The Complex

What will it take to get China to curb IP theft?

Killer Apps kicked off the week with a quote about the true cost of cyber crime being equivalent to a rounding error when compared to the size of the overall economy. We're going to end it with an interesting quote about what might quell China's campaign of cyber-espionage and trade-secret theft.

"The old trope was always, the Chinese will begin to respect our intellectual property when they have intellectual property of their own to defend," said James Mulvenon, VP of intelligence at Defense Group, a consulting firm, during a breakfast in Washington yesterday. "What we're starting to see on the Chinese side is the intra-company hacking between Chinese companies is having almost more effect on their attitude about a cybersecurity regime in China, than it is about responding to our demarches about their activity."

We've been bombarded with messages from cyber security firms to lawmakers about a massive Chinese cyber espionage campaign for years. U.S officials have been increasingly vocal in calling out China and the White House just released its new strategy aimed at combating the theft of trade secrets via law enforcement and increased diplomatic pressure on China. One of the criticisms that I've heard many times is, what can the U.S. do if China simply ignores its requests to stop stealing U.S. trade secrets? If Mulvenon is correct, maybe we all we have to do is wait.


The Complex

Is this the prototype for China's first aircraft carrier catapult?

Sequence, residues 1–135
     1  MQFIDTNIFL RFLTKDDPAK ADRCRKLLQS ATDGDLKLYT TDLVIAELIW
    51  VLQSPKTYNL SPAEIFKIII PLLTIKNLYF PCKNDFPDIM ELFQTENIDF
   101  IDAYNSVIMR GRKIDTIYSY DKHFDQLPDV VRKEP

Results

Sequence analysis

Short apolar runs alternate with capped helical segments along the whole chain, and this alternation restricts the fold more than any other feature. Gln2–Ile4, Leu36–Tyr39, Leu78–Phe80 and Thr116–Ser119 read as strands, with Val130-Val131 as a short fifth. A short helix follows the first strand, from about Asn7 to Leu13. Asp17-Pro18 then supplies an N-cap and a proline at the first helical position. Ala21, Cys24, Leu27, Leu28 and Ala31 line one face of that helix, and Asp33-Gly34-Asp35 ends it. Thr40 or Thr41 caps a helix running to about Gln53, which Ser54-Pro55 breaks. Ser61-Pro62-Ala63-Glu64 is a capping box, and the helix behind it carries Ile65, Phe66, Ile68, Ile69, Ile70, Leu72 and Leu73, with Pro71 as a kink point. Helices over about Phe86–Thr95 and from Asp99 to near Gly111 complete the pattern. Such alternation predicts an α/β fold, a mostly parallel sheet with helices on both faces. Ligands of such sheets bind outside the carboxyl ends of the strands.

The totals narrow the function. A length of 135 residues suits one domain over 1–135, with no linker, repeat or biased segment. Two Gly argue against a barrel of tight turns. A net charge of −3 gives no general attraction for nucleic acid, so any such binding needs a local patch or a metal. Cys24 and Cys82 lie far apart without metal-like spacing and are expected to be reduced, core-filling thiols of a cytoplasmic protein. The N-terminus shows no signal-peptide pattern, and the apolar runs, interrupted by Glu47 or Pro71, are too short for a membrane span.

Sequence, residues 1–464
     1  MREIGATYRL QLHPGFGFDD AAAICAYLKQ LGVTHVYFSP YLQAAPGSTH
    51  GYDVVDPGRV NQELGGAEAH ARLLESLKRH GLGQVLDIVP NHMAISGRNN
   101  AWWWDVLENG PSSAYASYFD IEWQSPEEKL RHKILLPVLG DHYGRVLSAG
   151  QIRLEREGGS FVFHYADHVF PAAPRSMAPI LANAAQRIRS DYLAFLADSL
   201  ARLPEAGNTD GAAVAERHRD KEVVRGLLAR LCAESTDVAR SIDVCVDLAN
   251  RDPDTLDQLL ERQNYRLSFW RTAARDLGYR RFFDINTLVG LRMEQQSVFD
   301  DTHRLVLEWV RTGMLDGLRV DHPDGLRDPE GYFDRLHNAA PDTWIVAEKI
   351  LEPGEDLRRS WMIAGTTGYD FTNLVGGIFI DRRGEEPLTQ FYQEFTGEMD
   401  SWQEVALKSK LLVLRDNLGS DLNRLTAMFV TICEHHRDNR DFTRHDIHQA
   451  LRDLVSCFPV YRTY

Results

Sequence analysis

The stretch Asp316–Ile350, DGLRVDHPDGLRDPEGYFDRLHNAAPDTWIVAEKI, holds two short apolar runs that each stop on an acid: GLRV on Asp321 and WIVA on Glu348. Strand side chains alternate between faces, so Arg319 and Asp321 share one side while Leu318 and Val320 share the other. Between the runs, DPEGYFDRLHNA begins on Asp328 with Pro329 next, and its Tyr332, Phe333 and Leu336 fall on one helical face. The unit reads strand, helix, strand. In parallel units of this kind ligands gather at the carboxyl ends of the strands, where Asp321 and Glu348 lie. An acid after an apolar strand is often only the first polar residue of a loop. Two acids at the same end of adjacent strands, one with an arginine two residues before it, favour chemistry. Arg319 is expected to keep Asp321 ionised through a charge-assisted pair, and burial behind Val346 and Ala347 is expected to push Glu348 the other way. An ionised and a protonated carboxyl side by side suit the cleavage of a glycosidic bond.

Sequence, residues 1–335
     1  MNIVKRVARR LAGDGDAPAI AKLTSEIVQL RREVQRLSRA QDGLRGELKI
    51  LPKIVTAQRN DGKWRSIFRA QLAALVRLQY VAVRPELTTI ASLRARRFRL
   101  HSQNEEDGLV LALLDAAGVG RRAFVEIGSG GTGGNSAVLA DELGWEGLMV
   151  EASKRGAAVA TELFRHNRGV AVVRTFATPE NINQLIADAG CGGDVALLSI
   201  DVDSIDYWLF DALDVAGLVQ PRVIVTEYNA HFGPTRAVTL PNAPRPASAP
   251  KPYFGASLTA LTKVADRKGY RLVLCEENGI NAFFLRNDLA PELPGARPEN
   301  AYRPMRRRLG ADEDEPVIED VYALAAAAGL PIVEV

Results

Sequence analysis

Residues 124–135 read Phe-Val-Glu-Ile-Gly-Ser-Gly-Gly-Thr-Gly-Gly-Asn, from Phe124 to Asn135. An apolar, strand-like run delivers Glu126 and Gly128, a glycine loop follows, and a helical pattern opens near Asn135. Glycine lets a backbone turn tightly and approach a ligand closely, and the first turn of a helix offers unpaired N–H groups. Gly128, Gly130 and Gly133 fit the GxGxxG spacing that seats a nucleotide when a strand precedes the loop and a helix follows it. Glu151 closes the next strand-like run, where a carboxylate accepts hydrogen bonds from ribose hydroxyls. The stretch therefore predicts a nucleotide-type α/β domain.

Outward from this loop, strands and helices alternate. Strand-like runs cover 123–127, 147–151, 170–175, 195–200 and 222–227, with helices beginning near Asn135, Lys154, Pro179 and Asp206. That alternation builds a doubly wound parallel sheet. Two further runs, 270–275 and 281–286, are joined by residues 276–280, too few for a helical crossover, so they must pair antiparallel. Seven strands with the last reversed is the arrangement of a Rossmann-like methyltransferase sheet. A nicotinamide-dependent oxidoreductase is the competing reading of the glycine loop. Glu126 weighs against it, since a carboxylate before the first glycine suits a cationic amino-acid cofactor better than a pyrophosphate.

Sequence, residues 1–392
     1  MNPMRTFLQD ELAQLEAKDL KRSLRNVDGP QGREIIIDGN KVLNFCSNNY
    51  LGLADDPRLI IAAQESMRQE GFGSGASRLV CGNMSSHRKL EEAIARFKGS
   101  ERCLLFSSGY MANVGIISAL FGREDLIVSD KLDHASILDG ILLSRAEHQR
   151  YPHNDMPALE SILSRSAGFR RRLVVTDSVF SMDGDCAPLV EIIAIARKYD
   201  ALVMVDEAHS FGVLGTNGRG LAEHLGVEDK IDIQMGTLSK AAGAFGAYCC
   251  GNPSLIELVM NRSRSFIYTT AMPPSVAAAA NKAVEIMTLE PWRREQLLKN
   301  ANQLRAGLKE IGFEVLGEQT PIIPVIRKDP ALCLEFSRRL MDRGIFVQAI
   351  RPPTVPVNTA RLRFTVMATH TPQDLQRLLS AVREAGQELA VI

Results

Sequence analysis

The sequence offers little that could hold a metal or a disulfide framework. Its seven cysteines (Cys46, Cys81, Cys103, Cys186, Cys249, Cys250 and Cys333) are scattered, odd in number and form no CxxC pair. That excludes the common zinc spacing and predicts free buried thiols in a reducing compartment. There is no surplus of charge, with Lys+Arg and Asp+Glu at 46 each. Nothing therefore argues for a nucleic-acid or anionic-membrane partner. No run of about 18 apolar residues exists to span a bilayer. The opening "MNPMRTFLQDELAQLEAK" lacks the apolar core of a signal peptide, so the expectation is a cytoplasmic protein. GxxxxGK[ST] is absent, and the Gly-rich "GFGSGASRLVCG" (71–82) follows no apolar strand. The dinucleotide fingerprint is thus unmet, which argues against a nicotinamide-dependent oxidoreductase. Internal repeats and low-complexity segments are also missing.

Does this satellite image of a facility outside Shanghai provide evidence that China is trying to developing catapults for its next generation of aircraft carriers?

The image shows what may be a catapult test track similar to those used by the U.S. Navy at its Lakehurst New Jersey research site. Killer Apps spotted the picture above posted on numerous defense forums while researching a different story about old Soviet aircraft carriers.

(Click here to see the facility on Bing Maps. Click here to see the site compared to the U.S Navy's test catapults.)

Keep in mind that China is reported to be working on two to three new carriers that some speculate may be based on the design for what would have been the Soviet Union's first catapult-equipped carrier -- the Ulanovsk. (Others claim the new ships will be based on China's first carrier, the Liaoning, a ship that used to be the Soviet ship, Varyag.)

Remember the Liaoning uses a ramp on its bow -- dubbed a ski jump -- to help fighters get airborne in a short amount of space. This design has obvious drawbacks since only a relatively small fraction of aircraft have the power-to-weight ratio necessary to perform such a take-off.

The Ulanovsk was scrapped in 1992 when it was only 20 percent complete, due to the collapse of the Soviet Union. The Ulanovsk's design called for two catapults that could launch heavily-laden fighters, attack planes, and larger aircraft such as prop-driven radar planes similar to the U.S Navy's E-2 Hawkeye.

These satellite images might be of a short version of a high-speed test track, however, similar to the ones the U.S. Air Force has in New Mexico and California, not a prototype catapult. Although, the Chinese facility seems much shorter in length than the Air Force's test tracks that are used for much crazier things than launching 20-ton aircraft from ships.  Furthermore, it would make some sense for China to develop a catapult system for its future carriers, especially because it appears to be developing its own version of the Hawkeye. Planes of that size require catapults to take off from carriers. 

Rumors abound that China is working on developing both a traditional steam-powered catapult and an electromagnetic system -- similar to the one the United States is developing, called EMALS -- for its next generation of carriers. Electromagnetic catapults are supposed to be easier to maintain and take up far less space than steam powered catapults.  

Chinese Internet